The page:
Gun Control, Profit, and Individual Rights
The article ``Gun-Control Advocates Gain Momentum ...,'' Dec. 14, mentions that the National Rifle Association (NRA) wants Congress to supply funds for the ``instant-check system'' that they are proposing. The money should come from taxes on guns and/or ammunition and not from general funds.
Also, Jeff Danziger's cartoon in the same issue says it all. Profit is what the NRA does not want to lose. It has nothing to do with the right to bear arms; it is about selling arms. Bruce Clark, Los Altos, Calif. Gun Control, Profit, and Individual Rights
The article ``Mayors Urge the Congress to Go Beyond Crime Bill,'' Nov. 17, states that the Senate is expected to approve a bipartisan bill that will spend $22 billion to build more prisons and put 100,000 additional police officers on city streets.
This is surely a very shortsighted measure, and doesn't get to the core of the problem at all. There are many more beneficial ways of spending this vast sum of money. First ban all firearms except for those used by authorized officials - and all firearms must be registered. This is not a new idea. Supposedly the gun lobby is very powerful, but is not the life of every citizen more valuable and important than the imagined right to own a gun? Will we never learn that the welfare of others comes before one's own selfish interest? Joy Walker, Maroochydore, Australia Legalizing drugs
Regarding the article ``Elders Sparks Debate on Legalization of Drugs,'' Dec. 13: Kudos to Surgeon General Joycelyn Elders as the only one in the Clinton administration who has the courage to recommend the only feasible solution to our drug-related crime problem - legalizing drugs.
Any economist will tell you that by outlawing drugs the government has created a monopoly for crime wherein the profits are so high that it pays to expend tremendous efforts to get people addicted (sales efforts) and to protect one's territory (violent crime), regardless of the possible cost of incarceration.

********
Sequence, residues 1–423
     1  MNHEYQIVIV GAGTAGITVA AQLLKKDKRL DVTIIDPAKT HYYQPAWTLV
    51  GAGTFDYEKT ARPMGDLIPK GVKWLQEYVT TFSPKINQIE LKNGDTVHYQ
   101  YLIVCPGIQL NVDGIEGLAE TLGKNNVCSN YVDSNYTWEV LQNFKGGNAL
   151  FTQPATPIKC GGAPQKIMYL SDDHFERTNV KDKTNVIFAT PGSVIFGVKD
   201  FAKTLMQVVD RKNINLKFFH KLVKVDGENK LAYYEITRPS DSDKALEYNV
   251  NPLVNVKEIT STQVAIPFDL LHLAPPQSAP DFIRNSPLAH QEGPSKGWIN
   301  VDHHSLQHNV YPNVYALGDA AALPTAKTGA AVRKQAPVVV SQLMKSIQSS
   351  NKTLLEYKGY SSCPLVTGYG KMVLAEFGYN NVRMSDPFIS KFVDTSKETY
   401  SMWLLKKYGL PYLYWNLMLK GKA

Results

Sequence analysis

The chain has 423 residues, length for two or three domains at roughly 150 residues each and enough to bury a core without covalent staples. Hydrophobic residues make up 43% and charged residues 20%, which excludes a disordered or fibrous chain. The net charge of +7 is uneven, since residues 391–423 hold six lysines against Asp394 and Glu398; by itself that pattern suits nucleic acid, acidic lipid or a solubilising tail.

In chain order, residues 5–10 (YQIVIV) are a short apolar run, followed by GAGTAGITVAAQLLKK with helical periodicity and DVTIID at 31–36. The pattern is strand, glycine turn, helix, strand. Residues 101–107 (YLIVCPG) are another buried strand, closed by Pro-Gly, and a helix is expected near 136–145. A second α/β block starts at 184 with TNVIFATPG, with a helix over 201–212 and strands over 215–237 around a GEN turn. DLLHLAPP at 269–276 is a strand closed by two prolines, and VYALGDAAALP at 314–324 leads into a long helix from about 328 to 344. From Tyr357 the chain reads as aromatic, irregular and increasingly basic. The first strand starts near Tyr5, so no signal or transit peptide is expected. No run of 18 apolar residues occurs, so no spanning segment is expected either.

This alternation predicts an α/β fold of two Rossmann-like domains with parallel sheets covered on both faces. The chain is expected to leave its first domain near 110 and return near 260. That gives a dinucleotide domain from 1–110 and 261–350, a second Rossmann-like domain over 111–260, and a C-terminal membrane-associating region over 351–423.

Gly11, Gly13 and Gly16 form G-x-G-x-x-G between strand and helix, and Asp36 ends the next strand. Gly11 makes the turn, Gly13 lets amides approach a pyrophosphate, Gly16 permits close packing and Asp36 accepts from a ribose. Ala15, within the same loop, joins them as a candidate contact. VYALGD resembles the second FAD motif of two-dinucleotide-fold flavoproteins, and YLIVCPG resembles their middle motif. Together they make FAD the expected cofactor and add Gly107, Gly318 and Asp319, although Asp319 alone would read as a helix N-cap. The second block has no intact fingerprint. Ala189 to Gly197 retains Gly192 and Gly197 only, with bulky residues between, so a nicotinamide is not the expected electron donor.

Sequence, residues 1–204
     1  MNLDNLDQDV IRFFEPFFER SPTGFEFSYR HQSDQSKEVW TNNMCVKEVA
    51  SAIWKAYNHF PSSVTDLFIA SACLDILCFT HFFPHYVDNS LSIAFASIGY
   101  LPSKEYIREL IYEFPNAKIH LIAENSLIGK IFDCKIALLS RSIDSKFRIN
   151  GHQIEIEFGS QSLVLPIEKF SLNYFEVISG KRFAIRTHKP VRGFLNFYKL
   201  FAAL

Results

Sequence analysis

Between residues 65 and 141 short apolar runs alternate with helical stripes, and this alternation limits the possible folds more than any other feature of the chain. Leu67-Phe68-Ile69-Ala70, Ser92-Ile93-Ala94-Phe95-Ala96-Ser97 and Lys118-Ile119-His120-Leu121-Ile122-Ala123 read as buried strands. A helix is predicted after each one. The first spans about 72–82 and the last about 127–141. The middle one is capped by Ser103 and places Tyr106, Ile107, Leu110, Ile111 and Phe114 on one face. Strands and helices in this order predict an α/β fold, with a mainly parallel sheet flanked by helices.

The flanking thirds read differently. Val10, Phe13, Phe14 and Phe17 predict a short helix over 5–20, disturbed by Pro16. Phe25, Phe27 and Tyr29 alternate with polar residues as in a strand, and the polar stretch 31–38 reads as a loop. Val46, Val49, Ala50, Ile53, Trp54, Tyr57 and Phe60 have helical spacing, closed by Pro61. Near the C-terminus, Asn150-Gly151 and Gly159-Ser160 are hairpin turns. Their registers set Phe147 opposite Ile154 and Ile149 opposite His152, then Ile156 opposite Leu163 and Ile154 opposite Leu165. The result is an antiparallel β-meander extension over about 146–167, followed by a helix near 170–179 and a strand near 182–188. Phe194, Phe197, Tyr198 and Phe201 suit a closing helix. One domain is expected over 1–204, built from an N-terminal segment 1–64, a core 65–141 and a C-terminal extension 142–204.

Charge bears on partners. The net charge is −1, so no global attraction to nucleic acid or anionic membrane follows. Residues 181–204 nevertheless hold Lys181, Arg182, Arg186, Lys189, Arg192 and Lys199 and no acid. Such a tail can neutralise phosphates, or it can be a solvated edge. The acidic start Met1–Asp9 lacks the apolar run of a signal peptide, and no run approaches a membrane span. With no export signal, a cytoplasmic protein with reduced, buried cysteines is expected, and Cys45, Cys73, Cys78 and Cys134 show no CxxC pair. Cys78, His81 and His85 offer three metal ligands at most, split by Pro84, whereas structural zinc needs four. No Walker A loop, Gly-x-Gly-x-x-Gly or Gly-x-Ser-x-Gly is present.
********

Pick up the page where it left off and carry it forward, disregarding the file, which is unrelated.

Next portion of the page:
Does anyone remember Prohibition and crime and what happened when the law was repealed? Does anyone remember the number of rackets and illegal gambling casinos? Where is the excessive violent crime related to the illegal sale of alcohol and gambling now? This is not to say that we should encourage drug use. Rather, we should treat drugs, alcohol, and cigarettes as social problems, and help people by removing the conditions that push them toward these substances as solutions to their problems. Richard E. Weber, West Long Branch, N.J. Legalizing drugs
The article on legalizing drugs set off some sparks for me. This is a complex issue that desperately needs ongoing dialogue. While 85 percent of the public opposes legalization (according to the article), it may be because the media have almost entirely focused on battling drugs as a war on crime. We're all against crime. But few people have been exposed to the possible advantages of legalization, with appropriate controls.
There is a high level of public agreement that what we are doing now is not working. But politicians are not likely to make real changes without significant public support. Paul H. March, Seattle Old or new in Russia?
What an ironic twist the new freedoms in Russia have brought about. Those who have been enslaved by Communism for the past 76 years have tasted freedom, and it appears that many Russian citizens want to go back to their ``old'' system. What a dilemma for Americans who have heralded to great news of a new freedom in Russia. Should we cheer their free election or reject the outcome? Or should we simply try to ``love our neighbors as our brothers'' and allow them to live under whatever system they choose? David Terentieff, Kennewick, Wash.